The Buzz

Get Ready, Russia and China: America's F-22 Raptor Is Getting More Stealth and More Firepower

The Air Force has contracted Lockheed Martin to perform essential maintenance to the F-22's low-observable stealth coating to ensure it is equipped to manage fast-emerging threats.

Lockheed Martin completed the first F-22 Raptor at the company’s Inlet Coating Repair (ICR) Speedline, a company statement said.

"Periodic maintenance is required to maintain the special exterior coatings that contribute to the 5th Generation Raptor’s Very Low Observable radar cross-section," Lockheed stated.

The increase in F-22 deployments, including ongoing operational combat missions, has increased the demand for ICR. Additionally, Lockheed Martin is providing modification support services, analytical condition inspections, radar cross section turntable support and antenna calibration.

The Air Force is performing key maintenance on the F-22 Raptor's stealth materials and upgrading the stealth fighter with new attack weapons to include improved air-to-air and air-to-surface strike technology, service officials said.

"In the Summer of 2019, the F-22 fleet will begin to receive upgrades to its available weapons with the Increment 3.2B upgrade.  This upgrade allows full functionality for the AIM-120D and AIM-9X Air-to-Air missiles as well as enhanced Air-to-Surface target location capabilities," 1st Lt. Carrie J. Volpe, Action Officer, Air Combat Command Public Affaris, Joint Base Langley-Eustis, Va., told Scout Warrior.

The F-22 currently carries the AIM-9X Block 1 and the current upgrade will enable carriage of AIM-9X Block 2, Volpe added.   

Raytheon AIM-9X weapons developers explain that the Block 2 variant adds a redesigned fuze and a digital ignition safety device that enhances ground handling and in-flight safety. Block II also features updated electronics that enable significant enhancements, including lock-on-after-launch capability using a new weapon datalink to support beyond visual range engagements, a Raytheon statement said.

Another part of the weapons upgrade includes engineering the F-22 to fire the AIM-120D, a beyond visual range Advanced Medium-Range Air-to-Air Missile (AMRAAM), designed for all weather day-and-night attacks; it is a "fire and forget" missile with active transmit radar guidance, Raytheon data states. The AIM-120D is built with upgrades to previous AMRAAM missiles by increasing attack range, GPS navigation, inertial measurement units and a two-way data link, Raytheon statements explain.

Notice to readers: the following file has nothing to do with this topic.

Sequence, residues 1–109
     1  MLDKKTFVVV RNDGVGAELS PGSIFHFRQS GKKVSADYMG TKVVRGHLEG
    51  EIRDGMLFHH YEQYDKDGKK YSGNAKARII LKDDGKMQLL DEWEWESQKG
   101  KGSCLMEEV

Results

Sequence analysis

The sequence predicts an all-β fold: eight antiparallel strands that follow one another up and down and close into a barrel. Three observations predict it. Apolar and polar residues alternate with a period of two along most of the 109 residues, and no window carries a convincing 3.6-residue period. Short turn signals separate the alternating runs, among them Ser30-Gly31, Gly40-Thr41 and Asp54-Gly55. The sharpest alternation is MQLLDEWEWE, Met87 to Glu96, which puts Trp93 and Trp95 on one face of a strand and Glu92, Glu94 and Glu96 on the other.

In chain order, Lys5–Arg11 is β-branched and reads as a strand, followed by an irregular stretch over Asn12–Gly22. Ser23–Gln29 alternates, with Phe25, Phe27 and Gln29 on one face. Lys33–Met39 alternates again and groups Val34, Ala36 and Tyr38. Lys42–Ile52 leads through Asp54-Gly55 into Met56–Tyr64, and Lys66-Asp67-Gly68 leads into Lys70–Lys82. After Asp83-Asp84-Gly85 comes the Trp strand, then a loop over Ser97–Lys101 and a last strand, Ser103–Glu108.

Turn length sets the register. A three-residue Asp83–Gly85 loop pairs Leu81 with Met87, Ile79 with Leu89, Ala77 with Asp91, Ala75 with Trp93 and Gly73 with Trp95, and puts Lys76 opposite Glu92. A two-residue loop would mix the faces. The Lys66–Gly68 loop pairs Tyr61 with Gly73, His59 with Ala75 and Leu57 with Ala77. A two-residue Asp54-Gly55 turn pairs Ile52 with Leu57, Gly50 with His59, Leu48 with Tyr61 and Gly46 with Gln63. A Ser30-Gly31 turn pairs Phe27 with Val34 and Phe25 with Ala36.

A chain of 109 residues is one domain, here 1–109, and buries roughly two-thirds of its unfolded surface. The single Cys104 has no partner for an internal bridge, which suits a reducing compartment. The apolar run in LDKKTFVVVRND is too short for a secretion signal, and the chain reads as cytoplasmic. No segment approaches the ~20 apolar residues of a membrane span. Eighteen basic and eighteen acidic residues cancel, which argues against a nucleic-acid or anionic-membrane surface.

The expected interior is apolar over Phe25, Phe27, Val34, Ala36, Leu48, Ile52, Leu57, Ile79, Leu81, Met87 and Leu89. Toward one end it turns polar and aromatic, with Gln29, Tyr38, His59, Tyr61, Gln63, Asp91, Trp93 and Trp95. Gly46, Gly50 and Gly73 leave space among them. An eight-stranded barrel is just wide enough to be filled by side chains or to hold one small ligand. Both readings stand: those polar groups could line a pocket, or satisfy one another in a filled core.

The AIM-120D also includes improved High-Angle Off-Boresight technology enabling the weapon to destroy targets at a wider range of angles.

Additional upgrades to the stealth fighter, slated for 2021, are designed to better enable digital communications via data links with 4th and 5th generation airplanes.

"The backbone of this upgrade also includes the installation of an open systems architecture that will allow for future upgrades to be done faster and at less expense than could be previously accomplished," Volpe said.

Stealth Coating Maintenance:

The Air Force has contracted Lockheed Martin to perform essential maintenance to the F-22's low-observable stealth coating to ensure it is equipped to manage fast-emerging threats.

Lockheed Martin completed the first F-22 Raptor at the company’s Inlet Coating Repair (ICR) Speedline, a company statement said.

"Periodic maintenance is required to maintain the special exterior coatings that contribute to the 5th Generation Raptor’s Very Low Observable radar cross-section," Lockheed stated.

The increase in F-22 deployments, including ongoing operational combat missions, has increased the demand for ICR. Additionally, Lockheed Martin is providing modification support services, analytical condition inspections, radar cross section turntable support and antenna calibration.

F-22 Attack & Supercruise Technology:

As a fifth-generation stealth fighter, the F-22 is specifically engineered for air supremacy and air dominance missions, meaning its radar-evading technology is designed to elude and destroy enemy air defenses. The aircraft is also configured to function as the world’s premier air-to-air fighter able to “dogfight” and readily destroy enemy aircraft.

“Air superiority, using stealth characteristics is our primary role. The air dominance mission is what we will always do first. Once we are comfortable operating in that battlespace, our airmen are going to find ways to contribute,” Col. Larry Broadwell, the Commander of the 1st Operations Group at Joint Base Langley-Eustis, Virginia, told Scout Warrior in a special pilot interview last year.

Zacharias explained that fifth generation fighters such as the F-35 and F-22 are quickly approaching an ability to command-and-control nearby drones from the air. This would allow unmanned systems to deliver payload, test enemy air defenses and potentially extend the reach of ISR missions.

“Because of its sensors, the F-22 is uniquely able to improve the battlefield awareness - not just for airborne F-22s but the other platforms that are airborne as well,” he said. The Raptor has an F-22-specific data link to share information with other F-22s and also has the ability to use a known data link called LINK 16 which enables it to communicate with other aircraft in the coalition, Broadwell explained in an interview last year.

Newer F-22s have a technology called Synthetic Aperture Radar, or SAR, which uses electromagnetic signals or “pings” to deliver a picture or rendering of the terrain below, allow for better target identification.

The SAR technology sends a ping to the ground and then analyzes the return signal to calculate the contours, distance and characteristics of the ground below.

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